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Home > Counties > Traders’ uproar over garbage menace in Voi town.

Traders’ uproar over garbage menace in Voi town.

The Business Community in  Taita Taveta County  have   complained to the area  County government over piling garbage in major towns in the area which sometimes remain uncollected for over  a week .

The traders among them restaurant owners, shopkeepers and boda boda riders  in Voi, Mwatate and Wundanyi said uncollected garbage have become an eyesore and a health hazard due to the terrible stench emitted by rotting heaps.

Speaking to KNA on Sunday, Mr. James Okuku, a cobbler working next to a garbage receptacle in Voi town, said the stench was overwhelming.

He said the receptacle was a favourite breeding ground for maggots, roaches and rats.

“Apart from pests, we have bloated stomachs from inhaling the bad smell on daily basis. This issue needs urgent solution,” said the cobbler.

Other  traders say the garbage-collection problem started in 2016 and has persisted to the agony of many people working in town.

Mr. Gabriel Njae, an hotelier, said he was losing clients who were moving away to hotels located in garbage-free zones.

“The garbage remains uncollected for many days until it starts decomposing. The smell is unbearable,” he complained.

The situation has escalated due to the recent mango glut in the region.

A herd of goats scavenging for banana peels at a receptacle in Voi town.

Rotten mangoes, vegetables and food waste from hotels and markets dumped  are at the receptacles where they liquefy after decomposing.

Frequent dumping results to garbage overflow and emission of foul smell that has raised health concerns among the residents.

When contacted, the County Executive committee member for Environment Janet Oben admitted garbage collection has been a challenge because the county  has only  two trucks covering three sub-counties.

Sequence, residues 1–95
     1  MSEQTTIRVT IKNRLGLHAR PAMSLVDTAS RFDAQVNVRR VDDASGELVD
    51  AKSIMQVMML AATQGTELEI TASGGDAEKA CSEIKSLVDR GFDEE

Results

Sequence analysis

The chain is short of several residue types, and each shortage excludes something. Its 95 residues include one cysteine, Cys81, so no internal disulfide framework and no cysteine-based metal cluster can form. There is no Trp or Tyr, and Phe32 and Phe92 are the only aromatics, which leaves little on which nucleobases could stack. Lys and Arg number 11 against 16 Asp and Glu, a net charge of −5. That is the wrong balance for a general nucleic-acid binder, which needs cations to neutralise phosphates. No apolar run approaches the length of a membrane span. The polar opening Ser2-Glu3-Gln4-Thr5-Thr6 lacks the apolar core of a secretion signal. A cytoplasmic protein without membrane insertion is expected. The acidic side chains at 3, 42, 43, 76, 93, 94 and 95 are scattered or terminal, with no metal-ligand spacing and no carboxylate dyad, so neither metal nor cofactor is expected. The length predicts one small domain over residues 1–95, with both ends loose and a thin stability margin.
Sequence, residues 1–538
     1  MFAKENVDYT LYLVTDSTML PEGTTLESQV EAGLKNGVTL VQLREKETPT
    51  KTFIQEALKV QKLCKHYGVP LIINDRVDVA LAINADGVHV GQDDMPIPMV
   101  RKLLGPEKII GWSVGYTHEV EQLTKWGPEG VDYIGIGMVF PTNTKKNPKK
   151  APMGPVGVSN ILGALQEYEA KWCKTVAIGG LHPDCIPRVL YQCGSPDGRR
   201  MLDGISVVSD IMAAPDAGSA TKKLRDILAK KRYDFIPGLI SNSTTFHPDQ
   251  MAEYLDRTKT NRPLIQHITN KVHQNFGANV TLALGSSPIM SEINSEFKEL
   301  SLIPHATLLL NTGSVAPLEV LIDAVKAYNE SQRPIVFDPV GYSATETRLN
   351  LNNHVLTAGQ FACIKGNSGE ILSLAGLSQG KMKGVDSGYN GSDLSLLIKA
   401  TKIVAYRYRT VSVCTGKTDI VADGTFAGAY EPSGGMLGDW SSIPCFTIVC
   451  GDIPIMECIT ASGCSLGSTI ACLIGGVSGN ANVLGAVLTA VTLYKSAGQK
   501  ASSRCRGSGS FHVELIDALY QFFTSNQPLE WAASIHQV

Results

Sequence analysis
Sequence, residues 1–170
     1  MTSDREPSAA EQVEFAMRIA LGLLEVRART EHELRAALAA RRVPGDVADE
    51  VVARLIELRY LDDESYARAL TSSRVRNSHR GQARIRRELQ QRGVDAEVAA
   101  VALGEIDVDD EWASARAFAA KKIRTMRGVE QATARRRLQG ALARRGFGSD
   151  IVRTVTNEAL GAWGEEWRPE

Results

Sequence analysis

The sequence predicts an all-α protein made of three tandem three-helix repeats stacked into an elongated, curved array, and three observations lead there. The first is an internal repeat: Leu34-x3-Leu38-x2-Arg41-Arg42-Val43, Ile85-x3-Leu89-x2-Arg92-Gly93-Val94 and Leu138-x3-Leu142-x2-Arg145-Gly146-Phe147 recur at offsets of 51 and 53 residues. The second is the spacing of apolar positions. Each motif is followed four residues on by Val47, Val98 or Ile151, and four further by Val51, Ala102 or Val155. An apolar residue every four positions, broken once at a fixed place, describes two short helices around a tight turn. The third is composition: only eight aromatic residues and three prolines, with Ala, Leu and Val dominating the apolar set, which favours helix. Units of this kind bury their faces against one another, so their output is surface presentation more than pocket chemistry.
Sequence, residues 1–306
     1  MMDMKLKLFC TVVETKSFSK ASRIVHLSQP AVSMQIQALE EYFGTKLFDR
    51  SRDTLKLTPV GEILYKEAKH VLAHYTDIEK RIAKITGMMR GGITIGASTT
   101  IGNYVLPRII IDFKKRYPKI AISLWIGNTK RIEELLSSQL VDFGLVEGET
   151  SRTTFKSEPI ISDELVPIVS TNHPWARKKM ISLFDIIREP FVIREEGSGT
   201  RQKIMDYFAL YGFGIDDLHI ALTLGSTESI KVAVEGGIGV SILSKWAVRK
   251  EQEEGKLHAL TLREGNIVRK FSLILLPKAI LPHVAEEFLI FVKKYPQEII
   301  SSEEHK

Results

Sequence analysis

She added that the trucks were old and collected garbage in towns and several suburbs around urban centers.

She assured the business community that  the government  plans  purchasing  an additional garbage truck so that each sub-county  would be served by one truck.

“We want to buy another truck which  will bring the number to three. That will see the garbage collection frequency go up,” she said.

She further said her department was preparing a paper to be tabled before the cabinet with a proposal to outsource garbage collection services to private investors.

This would be done in a public-private partnership once the proposal is accepted.

However, local residents say for such an arrangement to work, the county must review its Finance Act 2018 which stipulates that private garbage collectors will be required to pay sh 300,000 monthly fee to the department of public health.

Annually, private garbage collectors will pay a staggering sh 3.6 million to the county to collect garbage.

“The rates are too hostile to investors. If we need help in garbage collection, we should have friendlier rates,” he said.

Currently, the only garbage collectors are youth groups who operate in several estates including Sofia, Mazeras, Kaloleni and Mwakingali.

They have entered into private agreements with tenants to pay a small fee for such services.

“The county can hire youths and allocate tenders for garbage collection. But there is need to review the rates downwards to make sure the fee charged are manageable,” added Rev. Zowe.

He urged the county to repair dilapidated garbage receptacles that were falling apart.

Ms. Oben said she would do a proposal on reviewing the rates for garbage collection but noted it would involve input of several departments and members of County Assembly.

By Wangema Mwangi


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